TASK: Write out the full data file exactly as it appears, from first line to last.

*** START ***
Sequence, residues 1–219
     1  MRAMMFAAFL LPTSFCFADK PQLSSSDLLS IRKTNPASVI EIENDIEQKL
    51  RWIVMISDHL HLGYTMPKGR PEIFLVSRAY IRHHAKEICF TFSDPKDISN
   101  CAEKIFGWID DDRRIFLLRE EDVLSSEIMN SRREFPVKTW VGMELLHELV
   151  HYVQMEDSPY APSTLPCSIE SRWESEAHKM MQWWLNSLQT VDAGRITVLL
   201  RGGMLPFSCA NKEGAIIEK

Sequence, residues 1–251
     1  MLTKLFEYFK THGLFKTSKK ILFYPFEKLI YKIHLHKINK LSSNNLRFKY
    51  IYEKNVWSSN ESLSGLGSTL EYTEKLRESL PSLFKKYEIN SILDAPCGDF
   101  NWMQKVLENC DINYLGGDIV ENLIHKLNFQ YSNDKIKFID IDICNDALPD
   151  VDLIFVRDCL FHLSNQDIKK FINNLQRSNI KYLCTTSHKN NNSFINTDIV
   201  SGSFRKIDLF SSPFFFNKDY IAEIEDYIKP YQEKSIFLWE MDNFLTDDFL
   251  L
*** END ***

Sequence, residues 1–219
     1  MRAMMFAAFL LPTSFCFADK PQLSSSDLLS IRKTNPASVI EIENDIEQKL
    51  RWIVMISDHL HLGYTMPKGR PEIFLVSRAY IRHHAKEICF TFSDPKDISN
   101  CAEKIFGWID DDRRIFLLRE EDVLSSEIMN SRREFPVKTW VGMELLHELV
   151  HYVQMEDSPY APSTLPCSIE SRWESEAHKM MQWWLNSLQT VDAGRITVLL
   201  RGGMLPFSCA NKEGAIIEK

Sequence, residues 1–251
     1  MLTKLFEYFK THGLFKTSKK ILFYPFEKLI YKIHLHKINK LSSNNLRFKY
    51  IYEKNVWSSN ESLSGLGSTL EYTEKLRESL PSLFKKYEIN SILDAPCGDF
   101  NWMQKVLENC DINYLGGDIV ENLIHKLNFQ YSNDKIKFID IDICNDALPD
   151  VDLIFVRDCL FHLSNQDIKK FINNLQRSNI KYLCTTSHKN NNSFINTDIV
   201  SGSFRKIDLF SSPFFFNKDY IAEIEDYIKP YQEKSIFLWE MDNFLTDDFL
   251  L